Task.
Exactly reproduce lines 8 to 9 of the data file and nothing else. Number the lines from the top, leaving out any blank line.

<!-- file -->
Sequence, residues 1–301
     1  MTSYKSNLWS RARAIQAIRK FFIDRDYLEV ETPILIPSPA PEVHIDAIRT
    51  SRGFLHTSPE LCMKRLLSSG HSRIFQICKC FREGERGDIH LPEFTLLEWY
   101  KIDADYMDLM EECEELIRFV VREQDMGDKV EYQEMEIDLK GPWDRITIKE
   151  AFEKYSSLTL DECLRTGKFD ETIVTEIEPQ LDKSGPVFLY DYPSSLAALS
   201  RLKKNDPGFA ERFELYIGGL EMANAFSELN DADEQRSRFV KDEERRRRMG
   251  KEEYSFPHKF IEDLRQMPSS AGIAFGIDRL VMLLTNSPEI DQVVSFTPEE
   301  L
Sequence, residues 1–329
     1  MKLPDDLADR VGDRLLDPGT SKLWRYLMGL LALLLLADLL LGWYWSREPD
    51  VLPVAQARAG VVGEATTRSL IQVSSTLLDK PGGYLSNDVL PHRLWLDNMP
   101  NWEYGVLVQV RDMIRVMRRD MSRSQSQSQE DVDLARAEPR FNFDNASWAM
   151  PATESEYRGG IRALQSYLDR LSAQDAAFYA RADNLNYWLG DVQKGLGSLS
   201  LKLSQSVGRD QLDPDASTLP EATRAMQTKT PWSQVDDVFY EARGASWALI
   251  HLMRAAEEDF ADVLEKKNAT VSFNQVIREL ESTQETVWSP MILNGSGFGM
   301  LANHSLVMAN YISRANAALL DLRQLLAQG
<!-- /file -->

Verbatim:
   301  L
Sequence, residues 1–329